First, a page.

An increasing number of young children are being hospitalized with COVID-19 across the United States, thanks in part to the omicron variant sweeping the nation.
According to the U.S. Centers for Disease Control and Prevention, the rate of adolescents hospitalized with COVID-19 increased by 30% between Dec. 18 and Dec. 25, the most recent date for which data is available. That’s an average of about 260 children being admitted to the hospital each day.
Nationwide, around 2,000 children are hospitalized with confirmed or suspected cases of COVID-19, up from about 700 at the beginning of the month.
The vast majority of both children and adults hospitalized with COVID-19 are unvaccinated.
Pediatric COVID cases and hospitalizations are increasing faster in some states than others. In New York City, child hospitalizations increased by nearly 5 times the amount at the start of December.
The number of children testing positive for the virus has also skyrocketed in recent weeks, and overall hospitalizations (for both children and adults) statewide topped 5,550 for the first time since late February.
The surge forced government officials to retool school testing policies, and the amount of children being randomly tested for COVID-19 will soon double from 40,000 to 80,000 when students return to school on Jan. 3.
Gov. Kathy Hochul on Tuesday said nearly two million COVID tests will be sent to New York City public schools.
Hochul noted that the omicron variant "is affecting children more than the past variants” and added that the new procedures aim to keep as many students in school as possible.
“We saw the failed experiment, despite the very best efforts of incredibly hard-working, passionate teachers who did their very best with remote teaching and the parents who were just pulling their hair out at kitchen tables trying to make sure that it worked successfully,” Hochul said of remote learning.
None of the hospitalized 5-11 year olds admitted over the past week were fully vaccinated against COVID-19, despite vaccinations having been approved for the age group in late October. Around half of the admissions were for children under the age of five, thus vaccine ineligible.
Washington, D.C. has also seen a spike in adolescent COVID hospitalizations. At Children's National Hospital, nearly half – 48% – of COVID tests are coming back positive, up from a previous high of around 17%.
“Most of the COVID cases I've seen, and certainly the ones I've needed to admit to the hospital, are unvaccinated children,” Dr. Sarah Ash Combs, a pediatric emergency room doctor at Children’s National, told Spectrum News on Tuesday.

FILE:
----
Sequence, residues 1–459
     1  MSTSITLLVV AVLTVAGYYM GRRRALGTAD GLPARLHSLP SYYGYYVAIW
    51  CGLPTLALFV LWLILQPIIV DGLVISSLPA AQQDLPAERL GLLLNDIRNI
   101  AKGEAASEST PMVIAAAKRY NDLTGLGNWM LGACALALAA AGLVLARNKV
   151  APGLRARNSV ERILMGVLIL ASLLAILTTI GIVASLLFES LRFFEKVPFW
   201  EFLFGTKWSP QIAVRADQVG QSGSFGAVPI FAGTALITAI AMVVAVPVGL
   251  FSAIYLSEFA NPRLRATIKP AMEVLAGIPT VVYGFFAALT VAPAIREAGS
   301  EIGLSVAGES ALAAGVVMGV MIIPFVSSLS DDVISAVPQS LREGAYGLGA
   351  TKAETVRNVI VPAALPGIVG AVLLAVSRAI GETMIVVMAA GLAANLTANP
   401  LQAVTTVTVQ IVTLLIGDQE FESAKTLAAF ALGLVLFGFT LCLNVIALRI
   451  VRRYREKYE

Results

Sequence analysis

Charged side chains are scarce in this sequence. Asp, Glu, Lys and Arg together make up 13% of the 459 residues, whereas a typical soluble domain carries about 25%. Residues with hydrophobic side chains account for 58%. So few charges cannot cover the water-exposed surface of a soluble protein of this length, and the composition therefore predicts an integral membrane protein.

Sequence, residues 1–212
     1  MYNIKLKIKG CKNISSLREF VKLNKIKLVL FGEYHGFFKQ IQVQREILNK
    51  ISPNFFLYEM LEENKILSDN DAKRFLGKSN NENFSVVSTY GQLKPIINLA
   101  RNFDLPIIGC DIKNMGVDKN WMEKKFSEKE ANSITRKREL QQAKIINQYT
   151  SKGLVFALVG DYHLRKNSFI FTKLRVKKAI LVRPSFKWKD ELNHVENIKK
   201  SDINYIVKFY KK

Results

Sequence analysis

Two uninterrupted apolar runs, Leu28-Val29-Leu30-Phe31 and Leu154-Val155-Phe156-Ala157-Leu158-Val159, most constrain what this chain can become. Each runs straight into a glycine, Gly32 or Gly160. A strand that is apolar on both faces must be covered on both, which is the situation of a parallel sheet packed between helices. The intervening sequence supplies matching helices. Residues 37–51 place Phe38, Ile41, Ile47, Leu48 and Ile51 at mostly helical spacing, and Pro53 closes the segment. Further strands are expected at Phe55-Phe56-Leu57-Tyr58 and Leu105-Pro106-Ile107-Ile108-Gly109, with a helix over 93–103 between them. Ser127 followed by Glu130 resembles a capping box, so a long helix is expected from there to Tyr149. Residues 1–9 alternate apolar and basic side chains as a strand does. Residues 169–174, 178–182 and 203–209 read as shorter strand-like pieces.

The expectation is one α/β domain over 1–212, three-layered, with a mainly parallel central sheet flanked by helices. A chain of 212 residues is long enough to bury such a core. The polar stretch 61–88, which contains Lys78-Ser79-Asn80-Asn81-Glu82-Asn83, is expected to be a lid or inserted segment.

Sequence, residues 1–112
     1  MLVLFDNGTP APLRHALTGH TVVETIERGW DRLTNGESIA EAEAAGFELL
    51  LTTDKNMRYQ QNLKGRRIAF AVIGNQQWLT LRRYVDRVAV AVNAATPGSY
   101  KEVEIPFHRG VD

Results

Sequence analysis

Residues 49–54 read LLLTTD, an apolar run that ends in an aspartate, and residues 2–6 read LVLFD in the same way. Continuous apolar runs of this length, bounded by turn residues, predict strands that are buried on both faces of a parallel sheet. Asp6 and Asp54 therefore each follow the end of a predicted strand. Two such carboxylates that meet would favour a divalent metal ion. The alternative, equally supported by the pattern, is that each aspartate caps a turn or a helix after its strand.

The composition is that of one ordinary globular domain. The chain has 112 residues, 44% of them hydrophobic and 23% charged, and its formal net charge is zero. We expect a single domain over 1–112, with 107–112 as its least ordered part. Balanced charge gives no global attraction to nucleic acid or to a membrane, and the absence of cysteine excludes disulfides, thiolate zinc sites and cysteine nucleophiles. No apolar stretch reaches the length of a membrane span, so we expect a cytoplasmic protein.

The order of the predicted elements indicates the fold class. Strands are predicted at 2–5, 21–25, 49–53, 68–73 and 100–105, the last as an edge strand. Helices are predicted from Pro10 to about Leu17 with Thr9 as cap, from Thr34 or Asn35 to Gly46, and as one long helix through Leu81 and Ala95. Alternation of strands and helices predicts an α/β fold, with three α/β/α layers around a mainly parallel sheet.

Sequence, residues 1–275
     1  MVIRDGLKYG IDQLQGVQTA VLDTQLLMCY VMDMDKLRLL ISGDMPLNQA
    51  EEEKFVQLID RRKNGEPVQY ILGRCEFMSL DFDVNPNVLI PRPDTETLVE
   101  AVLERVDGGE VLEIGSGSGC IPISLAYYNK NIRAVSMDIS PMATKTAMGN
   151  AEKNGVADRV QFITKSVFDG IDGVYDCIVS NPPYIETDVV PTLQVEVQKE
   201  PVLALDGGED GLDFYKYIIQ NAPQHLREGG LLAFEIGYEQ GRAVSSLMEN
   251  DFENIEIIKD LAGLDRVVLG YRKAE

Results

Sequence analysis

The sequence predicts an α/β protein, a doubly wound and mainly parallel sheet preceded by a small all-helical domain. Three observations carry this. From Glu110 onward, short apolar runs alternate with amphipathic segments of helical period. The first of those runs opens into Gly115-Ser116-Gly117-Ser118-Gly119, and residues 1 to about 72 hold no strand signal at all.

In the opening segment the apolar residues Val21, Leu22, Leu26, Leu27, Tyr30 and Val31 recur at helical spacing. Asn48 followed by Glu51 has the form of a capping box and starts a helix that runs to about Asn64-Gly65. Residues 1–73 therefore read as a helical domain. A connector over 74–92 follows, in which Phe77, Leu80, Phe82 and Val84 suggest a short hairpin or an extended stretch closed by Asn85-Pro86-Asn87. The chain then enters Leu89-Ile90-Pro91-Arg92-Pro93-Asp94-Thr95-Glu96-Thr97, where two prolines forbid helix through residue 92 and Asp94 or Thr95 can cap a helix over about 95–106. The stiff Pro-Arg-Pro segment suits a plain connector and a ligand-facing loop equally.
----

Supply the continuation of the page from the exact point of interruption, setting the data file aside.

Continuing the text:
“I've seen a few more cases amongst those under five,” she added. “So we're talking about those little kids, babies and toddlers who just aren't eligible for the vaccine. And they're coming in often with [a] cough, sometimes with actual trouble breathing.”
In Florida, new COVID cases among children 5-11 have more than doubled in recent weeks, while the amount of vaccinations have slowly gone up. Currently, only 14% of the 1.6 million 5-11 year olds in the state are vaccinated.
And in Ohio, COVID hospitalizations among adolescents 0-17 have increased by just 1.5% from a week ago, but has jumped 125% since a month ago, according to the Ohio Hospital Association
The surge among unvaccinated children, particularly in New York, has prompted concerns in other parts of the country, where pediatric hospitalizations are rising at a slower rate.
“Unfortunately NY is seeing an increase in pediatric hospitalizations (primarily amongst the unvaccinated), and they have similar 5-11yo vaccination rates,” California state epidemiologist Erica Pan wrote on Twitter. “Please give your children the gift of vaccine protection as soon as possible as our case [numbers] are increasing rapidly.”
In New York state, around 72% of the state’s 1.3 million people aged 12-17 had received at least one dose of a vaccine, compared to 27% of the 5-11 year olds statewide; California, almost 64% of the 3.1 million 12-17 year olds had completed their primary series of COVID vaccinations, compared to 76% of the 3.5 million eligible 5-11 year olds.
While scientists are still studying the omicron variant, early data shows that while the strain is more transmissible than previous iterations of the virus, those who are fully vaccinated – and boosted – against COVID-19 will likely experience mild to no symptoms should they experience a breakthrough case.
CDC officials did, however, revise the estimates of how many COVID-19 cases were caused by the variant on Tuesday. Previously, the agency said around 73% of all COVID cases from the week ending Dec. 18 were caused by the omicron strain; that number has now been revised to 22% of cases.
Data released by federal health officials on Tuesday shows that the omicron variant of the coronavirus accounts for about 59% of new cases in the U.S. for the week ending Dec. 25, up from 23% the week prior.